The Department of Tourism (DOT) advised travelers to reduce their waste disposal in places they visit. This is in line with the agency’s campaign to steer the country’s tourism toward a more sustainable approach.
The DOT called local governments to improve their respective waste management systems in tourist destinations nationwide. This comes after a cleanup organized by government bodies and diving groups gathered a total of 378 kilos of garbage in the Island Garden City of Samal.
The DOT also appealed to tourists to help in maintaining the cleanliness of the places they go to. In the time of the pandemic, they are focusing their efforts on sustainable tourism and environmental conservation, especially in sustaining the waters and their marine life. (Read: Apo Reef’s Endangered Sea Turtles Increase in Numbers During Lockdown)
Save Philippine Seas executive director Anna Oposa said the government, especially the DOT, should campaign for slow tourism. This means restricting the number of visitors that can enter a tourist site in a day.
“For the longest time, the government would say that they are not able to limit the people going. It took a pandemic for them to realize that they could,” Oposa said in a discussion hosted by the Asian Development Bank. (Read: 5 Easy Ways for a Sustainable Lifestyle)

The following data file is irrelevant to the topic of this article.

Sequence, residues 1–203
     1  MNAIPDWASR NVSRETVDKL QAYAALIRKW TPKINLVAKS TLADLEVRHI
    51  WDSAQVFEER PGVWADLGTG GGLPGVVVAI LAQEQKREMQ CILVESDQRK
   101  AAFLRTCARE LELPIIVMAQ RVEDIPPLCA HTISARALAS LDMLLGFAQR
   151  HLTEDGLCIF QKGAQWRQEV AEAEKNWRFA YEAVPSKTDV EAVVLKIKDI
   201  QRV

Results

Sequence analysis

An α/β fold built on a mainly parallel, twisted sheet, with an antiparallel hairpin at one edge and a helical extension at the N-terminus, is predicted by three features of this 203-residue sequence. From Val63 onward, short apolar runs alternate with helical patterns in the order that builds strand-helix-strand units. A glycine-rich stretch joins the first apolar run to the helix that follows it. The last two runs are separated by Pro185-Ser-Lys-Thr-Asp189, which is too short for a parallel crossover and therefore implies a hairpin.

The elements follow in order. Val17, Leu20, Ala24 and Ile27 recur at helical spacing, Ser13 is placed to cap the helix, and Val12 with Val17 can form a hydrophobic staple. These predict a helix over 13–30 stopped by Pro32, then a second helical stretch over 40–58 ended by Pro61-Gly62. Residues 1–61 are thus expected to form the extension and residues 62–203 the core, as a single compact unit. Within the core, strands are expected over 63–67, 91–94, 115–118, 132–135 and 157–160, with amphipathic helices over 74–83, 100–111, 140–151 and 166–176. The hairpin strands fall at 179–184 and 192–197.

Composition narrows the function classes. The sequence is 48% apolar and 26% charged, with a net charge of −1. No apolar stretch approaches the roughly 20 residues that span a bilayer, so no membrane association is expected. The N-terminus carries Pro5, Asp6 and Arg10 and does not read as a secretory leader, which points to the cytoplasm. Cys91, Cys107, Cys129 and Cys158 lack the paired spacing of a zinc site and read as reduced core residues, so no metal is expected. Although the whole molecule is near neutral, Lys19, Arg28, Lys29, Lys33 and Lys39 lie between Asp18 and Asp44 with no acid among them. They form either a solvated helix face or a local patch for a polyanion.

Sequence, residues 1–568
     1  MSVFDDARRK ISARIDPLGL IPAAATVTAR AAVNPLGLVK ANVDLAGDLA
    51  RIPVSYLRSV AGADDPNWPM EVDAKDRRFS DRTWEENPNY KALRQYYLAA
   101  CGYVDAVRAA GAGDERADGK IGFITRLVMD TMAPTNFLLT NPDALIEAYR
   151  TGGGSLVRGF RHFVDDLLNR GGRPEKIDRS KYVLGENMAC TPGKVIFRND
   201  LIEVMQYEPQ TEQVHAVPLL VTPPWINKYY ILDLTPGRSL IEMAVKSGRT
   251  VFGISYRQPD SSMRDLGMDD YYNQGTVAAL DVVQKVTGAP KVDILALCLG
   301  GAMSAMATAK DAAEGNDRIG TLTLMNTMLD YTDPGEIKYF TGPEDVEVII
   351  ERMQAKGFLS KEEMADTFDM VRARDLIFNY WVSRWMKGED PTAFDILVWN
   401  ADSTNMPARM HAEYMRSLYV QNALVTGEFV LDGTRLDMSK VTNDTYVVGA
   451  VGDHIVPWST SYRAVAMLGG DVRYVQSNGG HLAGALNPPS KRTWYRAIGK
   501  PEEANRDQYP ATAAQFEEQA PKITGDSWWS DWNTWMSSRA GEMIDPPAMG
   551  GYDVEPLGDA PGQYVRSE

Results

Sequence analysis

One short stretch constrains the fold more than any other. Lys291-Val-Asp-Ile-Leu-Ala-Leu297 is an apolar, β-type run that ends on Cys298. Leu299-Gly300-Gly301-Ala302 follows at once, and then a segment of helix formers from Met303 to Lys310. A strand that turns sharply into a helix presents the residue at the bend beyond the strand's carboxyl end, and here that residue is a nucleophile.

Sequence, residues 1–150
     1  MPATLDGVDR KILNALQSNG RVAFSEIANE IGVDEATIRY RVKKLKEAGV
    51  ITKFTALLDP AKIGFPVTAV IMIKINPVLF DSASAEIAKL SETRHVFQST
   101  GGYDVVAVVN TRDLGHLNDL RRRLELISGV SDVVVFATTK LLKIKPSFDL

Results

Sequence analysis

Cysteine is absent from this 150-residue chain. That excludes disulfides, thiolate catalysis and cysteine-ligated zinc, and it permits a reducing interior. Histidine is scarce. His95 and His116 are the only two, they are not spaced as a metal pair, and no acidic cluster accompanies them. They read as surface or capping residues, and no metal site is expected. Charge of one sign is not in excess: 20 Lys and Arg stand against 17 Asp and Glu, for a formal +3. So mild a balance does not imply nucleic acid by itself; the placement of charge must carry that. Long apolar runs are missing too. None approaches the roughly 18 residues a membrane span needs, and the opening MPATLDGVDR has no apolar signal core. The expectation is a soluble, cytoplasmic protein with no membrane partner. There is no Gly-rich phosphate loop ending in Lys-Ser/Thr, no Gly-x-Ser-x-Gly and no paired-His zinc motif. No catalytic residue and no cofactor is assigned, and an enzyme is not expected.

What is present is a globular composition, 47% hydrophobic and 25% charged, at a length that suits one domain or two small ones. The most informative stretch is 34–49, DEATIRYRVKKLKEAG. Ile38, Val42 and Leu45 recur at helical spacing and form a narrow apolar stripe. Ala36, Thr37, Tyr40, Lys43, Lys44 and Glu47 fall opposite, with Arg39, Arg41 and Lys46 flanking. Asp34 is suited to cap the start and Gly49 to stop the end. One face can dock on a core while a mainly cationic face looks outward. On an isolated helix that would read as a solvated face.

“This kind of tourism is not only good for the tourists themselves because they will have a better user experience, [as] there are no thousands of people elbowing you in the ocean, or when you are sunbathing in the beach. It is also less pressure on the environment,” she added.
New Normal of Traveling
Though not a new trend, slow tourism is becoming the new normal when it comes to traveling. (WATCH: DOT Gives Tips for Safe Travels in Breathtaking Video Ad)
A contrast to mass tourism (wherein people tend to flock in droves to tourist destinations), slow tourism gives emphasis to reducing mobility and “taking it slow” to explore local history and culture while supporting the environment.
It is largely based on the concept of speed, wherein one is urged to travel for a prolonged period of time at a slow pace to allow a deep, authentic, and cultural experience. (Read: Here’s a List of PH Tourist Destinations Now Open to Travelers)
With slow tourism, you get to explore more “hidden gems” that the place has to offer, eat at local restaurants instead of the usual go-to places, shop in local markets and get acquainted with the locals, wander around local neighborhoods, stay in small guesthouses, and minimize carbon footprint and mechanization because the tourist will choose a more environment-friendly form of transportation.
With slow tourism, the traveler is invited to a more authentic and relaxing experience. Moreover, the costs and profit will go directly to support local families and help the local businesses thrive. (Read: Checklist: Must-Try Street Food From Around the World)
Will you consider traveling slow? Let us know in the comments!